1998 - 2001 Childhood

A preliminary follow-up of participants living in the Darwin Health Region was conducted in Darwin when children were aged 5 years, with only anthropometry collected. It was decided that in order to follow up the whole cohort, researchers would have to travel to the children in their communities of residence. Although born in Darwin they now resided in over 40 urban and remote communities across the NT. 

The research team travelled with all the necessary equipment via dirt roads and a small plane, piloted by the late research assistant Kathryn Flynn, to communities across the Top End. With the knowledge that childhood was a time of growth and change, comprehensive information on body size, shape and composition was obtained. 

Of the original 686 babies, 570 or 85% of living children were examined - an amazing achievement, particularly given the limited funding.


Dr Susan Sayers was joined by Kathryn Flynn and Dr Dorothy Mackerras. Dr Gurmeet Singh also joined the team at this time and completed her PhD. She is now director of the Life Course Program.

Data collected

Data collected included children's personal demographic characteristics, detailed anthropometry, including skin folds, ultrasounds of kidney, lung function assessments and blood pressures. Various blood and urine biomarkers were used to assess cardiac health, metabolic (diabetes) and renal function.


572 participants were seen aged 8 to 14 (mean11 yrs)

Using international Centers of Disease Control growth curves 2000, the mean weight-for-age z-scores (WAZ) at birth and again at 11 years of age were all below the average. 

Those who were born small for gestational age were smaller, lighter, and had smaller head circumferences compared to those born normal weight.

At 11 years, other than a small negative effect of birth weight on systolic blood pressure in post-pubertal boys, all other measured biomarkers showed positive relationships to current child weight.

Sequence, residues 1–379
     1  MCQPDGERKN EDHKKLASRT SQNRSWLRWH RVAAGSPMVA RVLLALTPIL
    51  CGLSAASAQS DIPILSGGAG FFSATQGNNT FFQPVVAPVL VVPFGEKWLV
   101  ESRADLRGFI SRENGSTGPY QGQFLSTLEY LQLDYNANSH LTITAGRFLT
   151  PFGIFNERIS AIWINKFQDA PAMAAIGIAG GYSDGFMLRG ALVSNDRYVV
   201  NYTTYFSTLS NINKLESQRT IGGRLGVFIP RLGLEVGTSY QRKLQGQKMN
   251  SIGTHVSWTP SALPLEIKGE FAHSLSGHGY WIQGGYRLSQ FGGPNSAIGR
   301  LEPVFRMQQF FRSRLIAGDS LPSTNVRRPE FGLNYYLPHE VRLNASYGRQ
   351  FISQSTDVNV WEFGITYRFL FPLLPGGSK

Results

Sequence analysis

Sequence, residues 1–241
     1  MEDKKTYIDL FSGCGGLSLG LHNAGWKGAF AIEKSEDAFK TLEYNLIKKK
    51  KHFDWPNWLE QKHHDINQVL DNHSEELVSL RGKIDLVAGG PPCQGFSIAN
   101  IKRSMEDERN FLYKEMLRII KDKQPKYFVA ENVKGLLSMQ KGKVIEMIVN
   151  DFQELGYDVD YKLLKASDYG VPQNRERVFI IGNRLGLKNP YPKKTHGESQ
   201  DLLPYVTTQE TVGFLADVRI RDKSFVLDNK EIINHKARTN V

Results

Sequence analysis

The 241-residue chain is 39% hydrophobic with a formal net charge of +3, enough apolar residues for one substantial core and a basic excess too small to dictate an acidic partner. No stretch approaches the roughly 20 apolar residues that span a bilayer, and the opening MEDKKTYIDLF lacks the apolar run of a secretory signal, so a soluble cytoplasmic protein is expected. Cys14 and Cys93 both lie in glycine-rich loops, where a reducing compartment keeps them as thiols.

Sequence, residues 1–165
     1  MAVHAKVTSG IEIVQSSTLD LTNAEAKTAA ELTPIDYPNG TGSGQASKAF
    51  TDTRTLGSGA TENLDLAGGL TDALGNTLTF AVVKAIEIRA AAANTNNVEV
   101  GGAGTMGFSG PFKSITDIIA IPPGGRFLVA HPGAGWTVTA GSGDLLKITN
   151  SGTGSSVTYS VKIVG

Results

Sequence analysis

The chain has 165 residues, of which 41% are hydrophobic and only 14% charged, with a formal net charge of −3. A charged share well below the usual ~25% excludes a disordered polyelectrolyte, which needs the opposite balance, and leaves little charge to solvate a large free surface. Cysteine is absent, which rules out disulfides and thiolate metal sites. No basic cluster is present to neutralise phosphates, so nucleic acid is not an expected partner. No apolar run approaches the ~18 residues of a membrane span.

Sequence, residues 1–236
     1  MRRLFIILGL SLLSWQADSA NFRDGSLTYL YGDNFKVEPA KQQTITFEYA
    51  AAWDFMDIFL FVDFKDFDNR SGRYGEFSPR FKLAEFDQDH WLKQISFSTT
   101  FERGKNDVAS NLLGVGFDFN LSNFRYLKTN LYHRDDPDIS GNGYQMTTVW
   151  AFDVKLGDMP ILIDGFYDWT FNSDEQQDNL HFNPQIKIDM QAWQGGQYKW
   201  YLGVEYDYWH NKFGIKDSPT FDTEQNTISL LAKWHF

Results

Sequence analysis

Significant differences were seen in the health of children living in remote communities compared to urban areas. This provided information to assist in development of separate health policies targeting the different groups. 

People involved in this study

Associate Professor Sue Sayers
Study Founder and Principal Research Fellow
Associate Professor Gurmeet Singh
Senior Research Fellow and Director of Life Course Program
Professor Dorothy Mackerras
Chief Investigator

Related publications

Year Study Citation View
Aboriginal Birth Cohort

Sayers SM, Mackerras D, Singh G, Reid A. In an Aboriginal birth cohort, only child size and not birth size, predicts insulin and glucose concentrations in childhood. Diabetes Res Clin Pract. Aug 2004;65(2):151-157.

PDF icon PDF (77.58 KB)
Aboriginal Birth Cohort

Vino, T., Singh, G.R., Davison, B., Campbell, P.T., Lydeamore, M.J., Robinson, A., McVernon, J., Tong, S.Y. and Geard, N., 2017. Indigenous Australian household structure: a simple data collection tool and implications for close contact transmission of communicable diseases. PeerJ, 5, p.e3958.

PDF icon PDF (2.32 MB)
Aboriginal Birth Cohort

Lewis MS, Dingwall KM, Berkhout N, Sayers S, Maruff P, Cairney S  Assessment of cognition in an adolescent Indigenous population. Australian Psychologist 2010; 45(2): 123-131

PDF icon PDF (318.87 KB)

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